Film Analysis | Film Reviews

Searching for Identity

1 Nov , 2001  

Written by Chris Cooke | Posted by:

A review of the film 'My Babushka: Searching Ukrainian Identities,' screening at this year’s Boston Jewish Film Festival.

When Barbara Hammer traveled to Ukraine, she went in search of living relatives of her maternal grandparents, who were born in neighboring towns near the Central Ukrainian city of Ternopil. Somehow, along the way, her interest in contemporary Ukrainian attitudes grew. The result of her travels is "My Babushka: Searching Ukrainian Identities," which documents her trip as it grows from a search for ancestry to an exploration of a changed society. Hammer cannot help but inquire into the nature of anti-Semitism and homophobia in newly capitalist Ukraine, and her unique viewpoint gives strength to this interesting look at the nation’s post Cold-War culture.

During her journey, she is inevitably led to Babi Yar, the scene of a massive Nazi slaughter of Jews during the German occupation. The history of this infamous massacre was de-emphasized (to say the least) during the Soviet era, but recent years have seen renewed awareness and a memorial at the site. Hammer’s focus is not on the Nazi atrocities but on how the Ukrainians were complicit in the events. Ukraine had pogroms long before anti-Semitism emerged on such an unheard of scale during World War II. And it seems many Ukrainians were more than willing to assist the Nazis in the mass killings. When Hammer asks passersby in modern-day Ukraine what it means to be a Ukrainian, it’s as if she expects someone to say being Ukrainian means being anti-Semitic, and she clearly has good reason to suspect as much. But capitalism has emerged as a powerful force, and the openness that can accompany it is changing attitudes, albeit slowly. Hammer finds no one who enforces her expectations but no one who will confidently dispute them.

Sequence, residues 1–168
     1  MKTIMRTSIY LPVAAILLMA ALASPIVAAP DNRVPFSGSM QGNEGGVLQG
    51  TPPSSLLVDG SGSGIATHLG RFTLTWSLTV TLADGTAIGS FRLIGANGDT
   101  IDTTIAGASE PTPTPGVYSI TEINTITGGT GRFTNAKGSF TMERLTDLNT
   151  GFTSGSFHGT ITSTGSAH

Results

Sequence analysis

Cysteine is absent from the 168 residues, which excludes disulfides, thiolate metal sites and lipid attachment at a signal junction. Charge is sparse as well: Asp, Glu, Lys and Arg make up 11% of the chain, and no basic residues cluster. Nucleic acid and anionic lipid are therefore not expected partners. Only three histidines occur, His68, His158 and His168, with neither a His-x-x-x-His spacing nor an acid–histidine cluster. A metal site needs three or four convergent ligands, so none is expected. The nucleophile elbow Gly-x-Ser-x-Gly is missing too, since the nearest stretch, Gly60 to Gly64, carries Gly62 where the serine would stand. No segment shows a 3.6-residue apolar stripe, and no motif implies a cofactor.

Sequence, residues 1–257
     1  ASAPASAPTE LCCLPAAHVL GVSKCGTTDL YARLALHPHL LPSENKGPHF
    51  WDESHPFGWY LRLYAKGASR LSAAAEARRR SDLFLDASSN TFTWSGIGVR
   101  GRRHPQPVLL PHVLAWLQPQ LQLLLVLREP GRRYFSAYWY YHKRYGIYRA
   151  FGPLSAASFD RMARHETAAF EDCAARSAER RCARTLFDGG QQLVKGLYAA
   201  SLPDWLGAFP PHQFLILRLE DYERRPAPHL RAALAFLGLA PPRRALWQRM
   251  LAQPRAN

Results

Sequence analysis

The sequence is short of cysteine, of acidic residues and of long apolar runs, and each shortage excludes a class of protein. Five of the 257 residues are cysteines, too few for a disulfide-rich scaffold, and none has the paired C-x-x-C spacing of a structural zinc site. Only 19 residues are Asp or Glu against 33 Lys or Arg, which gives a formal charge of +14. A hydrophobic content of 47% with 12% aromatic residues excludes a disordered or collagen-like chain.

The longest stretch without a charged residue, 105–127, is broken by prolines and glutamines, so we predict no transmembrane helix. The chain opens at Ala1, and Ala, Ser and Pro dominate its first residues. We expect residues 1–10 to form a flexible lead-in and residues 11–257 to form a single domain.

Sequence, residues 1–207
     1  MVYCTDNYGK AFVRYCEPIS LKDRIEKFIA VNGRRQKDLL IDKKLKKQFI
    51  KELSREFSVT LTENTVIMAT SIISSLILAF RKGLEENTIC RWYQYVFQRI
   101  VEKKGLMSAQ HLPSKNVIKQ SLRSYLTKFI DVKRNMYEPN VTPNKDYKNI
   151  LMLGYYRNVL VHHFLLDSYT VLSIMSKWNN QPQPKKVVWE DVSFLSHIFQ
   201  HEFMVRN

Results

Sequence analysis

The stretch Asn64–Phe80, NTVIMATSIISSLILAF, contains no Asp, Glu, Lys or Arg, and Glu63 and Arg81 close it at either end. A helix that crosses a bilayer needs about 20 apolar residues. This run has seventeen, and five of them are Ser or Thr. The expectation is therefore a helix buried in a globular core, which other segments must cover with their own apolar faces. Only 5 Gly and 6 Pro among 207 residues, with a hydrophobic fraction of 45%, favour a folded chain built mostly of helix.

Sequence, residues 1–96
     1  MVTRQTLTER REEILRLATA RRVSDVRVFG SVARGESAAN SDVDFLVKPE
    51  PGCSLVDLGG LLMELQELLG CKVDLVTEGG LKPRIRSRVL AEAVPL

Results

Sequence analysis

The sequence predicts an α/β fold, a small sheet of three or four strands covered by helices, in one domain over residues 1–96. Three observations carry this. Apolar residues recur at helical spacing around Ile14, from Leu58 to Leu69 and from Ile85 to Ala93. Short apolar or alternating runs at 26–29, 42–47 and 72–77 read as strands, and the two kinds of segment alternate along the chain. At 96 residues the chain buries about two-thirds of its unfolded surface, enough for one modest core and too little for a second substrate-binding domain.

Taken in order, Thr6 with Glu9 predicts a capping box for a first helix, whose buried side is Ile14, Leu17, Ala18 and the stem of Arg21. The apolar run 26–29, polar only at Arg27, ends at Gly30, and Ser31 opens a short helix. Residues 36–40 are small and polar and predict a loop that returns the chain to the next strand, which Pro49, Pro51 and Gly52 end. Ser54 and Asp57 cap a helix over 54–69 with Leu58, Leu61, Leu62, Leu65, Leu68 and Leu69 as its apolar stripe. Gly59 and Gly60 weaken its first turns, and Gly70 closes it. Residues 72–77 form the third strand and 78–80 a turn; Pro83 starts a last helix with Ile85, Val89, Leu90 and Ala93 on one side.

In the arena of sexuality, Ukraine seems equally behind the times, as if the country was held in a state of suspended animation during the Soviet era, only to re-emerge with a culture similar to that of the American 1950s. Teenage girls shriek with near-hysterical rapture at a crooning singer, and Feminist author Oksanna Zabushko causes quite a stir with the publication of a study on sexual practices. If Hammer reaches any conclusion at all, it is that Ukraine is still a nation and a people in a state of flux. They have adopted many of the material aspects of Western culture but the permissiveness and open-mindedness will need a little time to sink in.

Screening as part of the Local Ties program located at the Museum of Fine Arts, Boston, on November 8, 2001 at 5:30 p.m. For more information about the filmmaker, visit www.barbarahammerfilms.com/.


Screening as part of the Local Ties program located at the Museum of Fine Arts, Boston, on November 8, 2001 at 5:30 p.m. For more information about the filmmaker, visit www.barbarahammerfilms.com/.